• HMP Frankland, High Security Adult Male Prison,
    Population 800
  • Single Patient Interview
  • Group work with Prisoner Consultative Committee
  • Group work with Prisoner Health Trainers

9
Patient and Prisoner Involvement HMP Frankland
  • Feedback from 4 working groups
  • Questionnaires to 8 residential wings focusing
    living with a life limiting illness and dying in
    prison
  • 32 Questionnaires returned

10
Questions Included
  • Current understanding of services available
  • What type of information would you find useful?
  • Concerns and issues living with a palliative
    condition while in prison
  • Concerns and issues receiving end of life care
    and dying in prison
  • Do you think it is important to have the
    opportunity to discuss and plan your care in
    advance?
  • Concerns or questions regarding fellow inmates
    with palliative needs remaining on the
    residential wing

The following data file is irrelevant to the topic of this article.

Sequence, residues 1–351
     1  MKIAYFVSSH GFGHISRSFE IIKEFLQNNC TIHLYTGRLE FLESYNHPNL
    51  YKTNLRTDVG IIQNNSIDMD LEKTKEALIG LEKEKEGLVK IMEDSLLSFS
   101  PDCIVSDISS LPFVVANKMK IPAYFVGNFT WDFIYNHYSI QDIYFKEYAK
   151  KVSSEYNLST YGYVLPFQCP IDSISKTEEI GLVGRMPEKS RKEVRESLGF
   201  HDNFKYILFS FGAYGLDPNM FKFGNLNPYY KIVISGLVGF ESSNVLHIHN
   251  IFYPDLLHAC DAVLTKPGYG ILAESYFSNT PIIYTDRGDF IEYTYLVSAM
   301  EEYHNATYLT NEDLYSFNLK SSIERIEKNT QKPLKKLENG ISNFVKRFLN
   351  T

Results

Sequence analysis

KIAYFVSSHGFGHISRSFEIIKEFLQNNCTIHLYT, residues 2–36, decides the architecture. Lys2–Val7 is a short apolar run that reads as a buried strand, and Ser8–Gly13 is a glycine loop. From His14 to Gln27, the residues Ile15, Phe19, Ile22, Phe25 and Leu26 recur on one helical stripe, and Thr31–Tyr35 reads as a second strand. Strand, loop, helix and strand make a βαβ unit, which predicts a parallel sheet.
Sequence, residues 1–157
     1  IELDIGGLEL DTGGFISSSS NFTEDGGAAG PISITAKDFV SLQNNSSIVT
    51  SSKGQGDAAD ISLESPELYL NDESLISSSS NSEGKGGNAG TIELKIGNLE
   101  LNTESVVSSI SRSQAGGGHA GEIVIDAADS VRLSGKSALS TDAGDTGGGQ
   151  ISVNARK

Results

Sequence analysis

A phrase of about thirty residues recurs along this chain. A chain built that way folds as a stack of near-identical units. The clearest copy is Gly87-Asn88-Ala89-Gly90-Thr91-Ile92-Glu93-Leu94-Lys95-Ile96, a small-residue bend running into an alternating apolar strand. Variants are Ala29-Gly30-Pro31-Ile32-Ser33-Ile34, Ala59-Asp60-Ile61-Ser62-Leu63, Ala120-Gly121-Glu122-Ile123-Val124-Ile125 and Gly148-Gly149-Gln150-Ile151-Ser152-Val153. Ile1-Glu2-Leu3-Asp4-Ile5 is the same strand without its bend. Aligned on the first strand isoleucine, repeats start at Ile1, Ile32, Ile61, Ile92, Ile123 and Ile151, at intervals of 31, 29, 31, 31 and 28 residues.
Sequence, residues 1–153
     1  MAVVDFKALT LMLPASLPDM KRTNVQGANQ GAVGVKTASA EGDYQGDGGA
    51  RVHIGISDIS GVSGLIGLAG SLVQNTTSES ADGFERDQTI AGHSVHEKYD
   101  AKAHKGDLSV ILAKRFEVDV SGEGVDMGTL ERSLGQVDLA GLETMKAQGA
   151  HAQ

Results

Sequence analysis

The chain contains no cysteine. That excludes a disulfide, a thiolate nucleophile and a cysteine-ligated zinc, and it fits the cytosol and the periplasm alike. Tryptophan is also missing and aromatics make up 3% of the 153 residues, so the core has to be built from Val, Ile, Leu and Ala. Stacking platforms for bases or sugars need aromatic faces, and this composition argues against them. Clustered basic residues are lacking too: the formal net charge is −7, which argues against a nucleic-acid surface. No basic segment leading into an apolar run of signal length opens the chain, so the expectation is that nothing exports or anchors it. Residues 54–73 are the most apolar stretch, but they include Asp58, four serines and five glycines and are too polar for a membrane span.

• Who should be involved in your care?

11
Themes
  • Little understanding of services available
  • I would not know what to expect or ask for
  • It is good to know that there are people
    who can help, because once someone
  • who is dying goes from the wing you dont
    really know what happens
  • Requests for information and resources
  • Being able to provide a booklet of frequently
    asked questions
  • DVD or video to answer questions
  • My friend has filled this questionnaire in for
    me because I cant read of write

12
Themes
  • Equitable access to quality care
  • I would hope to be treated with respect
    compassion and dignity
  • I would be worried I did not receive the